Investigations into the MV-22B Osprey crash that claimed the lives of three US Marines last month are continuing as the aircraft’s wreckage finally arrived in Australia after being recovered from the seabed. 

The wreckage of the aircraft was recovered by the USNS Salvor, having been located in some 40m of water by the Royal Australian Navy’s survey ship HMAS Melville. It arrived in the Port of Townsville over the weekend allowing the first public glimpses of the aircraft which was upside down showing significant damage and with the cockpit covered. The III Marine Expeditionary Force, in a statement, has advised that the wreckage will now be taken to Hawaii where investigations will continue. 

When the accident occurred the MV-22B had launched from the USS Bohomme Richard and was attempting to land on the USS Green Bay during a routine training exercise of the Australian coast. Coming in hard it smashed into the deck before sliding off into the ocean with twenty-six people on board including five crew.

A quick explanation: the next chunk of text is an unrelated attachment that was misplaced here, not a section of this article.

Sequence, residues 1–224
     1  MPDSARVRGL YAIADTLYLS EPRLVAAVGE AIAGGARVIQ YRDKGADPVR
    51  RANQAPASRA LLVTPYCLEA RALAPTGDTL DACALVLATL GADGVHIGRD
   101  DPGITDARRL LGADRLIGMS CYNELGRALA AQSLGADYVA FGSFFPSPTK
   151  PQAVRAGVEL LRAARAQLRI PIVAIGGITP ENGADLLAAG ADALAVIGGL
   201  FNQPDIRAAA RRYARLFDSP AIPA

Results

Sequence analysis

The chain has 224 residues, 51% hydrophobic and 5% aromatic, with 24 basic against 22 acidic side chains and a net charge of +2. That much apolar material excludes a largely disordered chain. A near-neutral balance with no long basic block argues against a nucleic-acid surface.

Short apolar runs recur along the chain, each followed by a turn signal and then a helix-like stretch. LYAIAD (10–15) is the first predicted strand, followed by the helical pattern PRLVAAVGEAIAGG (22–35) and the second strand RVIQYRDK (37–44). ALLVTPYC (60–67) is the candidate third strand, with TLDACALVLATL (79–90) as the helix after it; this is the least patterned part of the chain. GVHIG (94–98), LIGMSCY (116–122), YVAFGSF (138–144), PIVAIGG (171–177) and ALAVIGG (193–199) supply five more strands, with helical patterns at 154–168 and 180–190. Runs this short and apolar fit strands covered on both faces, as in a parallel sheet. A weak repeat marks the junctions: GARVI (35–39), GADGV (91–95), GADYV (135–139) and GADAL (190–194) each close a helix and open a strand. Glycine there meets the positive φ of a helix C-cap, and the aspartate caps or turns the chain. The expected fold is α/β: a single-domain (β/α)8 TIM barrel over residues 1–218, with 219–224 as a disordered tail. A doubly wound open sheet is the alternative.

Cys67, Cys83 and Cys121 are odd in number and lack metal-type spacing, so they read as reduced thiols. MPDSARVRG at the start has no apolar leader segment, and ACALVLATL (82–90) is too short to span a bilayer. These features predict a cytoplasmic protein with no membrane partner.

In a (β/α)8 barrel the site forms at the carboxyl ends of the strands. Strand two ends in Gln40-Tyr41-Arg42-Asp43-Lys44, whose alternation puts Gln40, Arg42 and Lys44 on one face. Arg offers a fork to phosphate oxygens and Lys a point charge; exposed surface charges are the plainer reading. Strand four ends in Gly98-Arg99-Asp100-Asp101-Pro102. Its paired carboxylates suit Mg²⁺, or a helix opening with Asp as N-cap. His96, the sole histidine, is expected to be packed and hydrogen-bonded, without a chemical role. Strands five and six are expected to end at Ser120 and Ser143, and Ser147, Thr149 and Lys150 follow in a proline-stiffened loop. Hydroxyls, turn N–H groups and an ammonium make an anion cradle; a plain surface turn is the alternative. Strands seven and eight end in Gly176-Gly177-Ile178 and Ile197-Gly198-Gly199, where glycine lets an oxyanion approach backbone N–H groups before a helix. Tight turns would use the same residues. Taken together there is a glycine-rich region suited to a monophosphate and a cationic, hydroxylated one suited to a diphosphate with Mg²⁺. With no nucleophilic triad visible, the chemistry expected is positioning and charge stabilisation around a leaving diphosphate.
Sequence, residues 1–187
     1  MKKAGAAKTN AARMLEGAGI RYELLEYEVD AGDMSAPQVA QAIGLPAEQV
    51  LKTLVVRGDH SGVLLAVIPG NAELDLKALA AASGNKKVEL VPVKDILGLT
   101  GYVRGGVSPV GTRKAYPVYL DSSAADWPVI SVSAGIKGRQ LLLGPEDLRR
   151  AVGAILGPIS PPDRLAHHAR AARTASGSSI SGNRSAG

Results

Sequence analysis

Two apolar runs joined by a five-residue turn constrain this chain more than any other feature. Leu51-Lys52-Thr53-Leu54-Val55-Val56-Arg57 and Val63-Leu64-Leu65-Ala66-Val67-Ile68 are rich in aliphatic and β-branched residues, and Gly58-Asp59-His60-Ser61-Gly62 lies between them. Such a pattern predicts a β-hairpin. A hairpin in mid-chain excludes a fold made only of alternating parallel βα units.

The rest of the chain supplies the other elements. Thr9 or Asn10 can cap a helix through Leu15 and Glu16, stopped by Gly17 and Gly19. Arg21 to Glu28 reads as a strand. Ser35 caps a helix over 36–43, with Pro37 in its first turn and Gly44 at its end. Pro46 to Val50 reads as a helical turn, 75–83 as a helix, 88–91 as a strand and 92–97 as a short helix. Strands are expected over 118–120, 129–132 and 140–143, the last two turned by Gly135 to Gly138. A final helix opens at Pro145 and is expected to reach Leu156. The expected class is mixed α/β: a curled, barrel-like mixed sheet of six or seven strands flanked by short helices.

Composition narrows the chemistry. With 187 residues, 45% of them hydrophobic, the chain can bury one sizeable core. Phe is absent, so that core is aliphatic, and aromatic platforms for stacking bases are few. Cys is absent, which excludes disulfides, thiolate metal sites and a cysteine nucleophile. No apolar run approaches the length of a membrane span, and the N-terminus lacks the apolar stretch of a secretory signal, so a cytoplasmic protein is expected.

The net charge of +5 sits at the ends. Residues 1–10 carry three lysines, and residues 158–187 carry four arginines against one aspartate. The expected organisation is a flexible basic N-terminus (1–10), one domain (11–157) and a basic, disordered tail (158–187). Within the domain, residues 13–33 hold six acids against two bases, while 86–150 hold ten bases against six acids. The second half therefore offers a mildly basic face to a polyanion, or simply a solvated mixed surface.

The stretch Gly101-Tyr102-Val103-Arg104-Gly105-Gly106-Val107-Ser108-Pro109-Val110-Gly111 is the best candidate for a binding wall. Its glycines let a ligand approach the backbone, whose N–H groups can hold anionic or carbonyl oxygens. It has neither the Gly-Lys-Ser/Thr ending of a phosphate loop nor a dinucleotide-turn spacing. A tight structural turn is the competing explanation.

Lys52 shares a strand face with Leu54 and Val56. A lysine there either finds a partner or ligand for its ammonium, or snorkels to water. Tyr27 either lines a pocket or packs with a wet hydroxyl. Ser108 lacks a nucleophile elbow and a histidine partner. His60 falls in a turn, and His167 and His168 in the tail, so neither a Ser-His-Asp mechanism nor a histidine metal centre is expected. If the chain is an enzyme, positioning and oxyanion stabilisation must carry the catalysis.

Search and rescue operations commenced immediately with twenty-three people being rescued, some airlifted to Rockhampton Hospital for emergency treatment. The three fatalities were First Lieutenant Benjamin Cross, 26, Corporal Nathaniel Ordway, 21, and Private First Class Ruben Velasco, 19.

The MV-22B has a controversial safety history. Less than a year ago the USNS Salvor was recovering another wreckage after an accident off Okinawa in Japan that thankfully resulted in no fatalities. Overall, since becoming operational in 2007, there have been six crashes, as well as several other accidents and incidents, that have resulted in twelve fatalities.

So far no indication of the cause of this crash, whether a mechanical or human fault, has been confirmed by the US Marine Corps.



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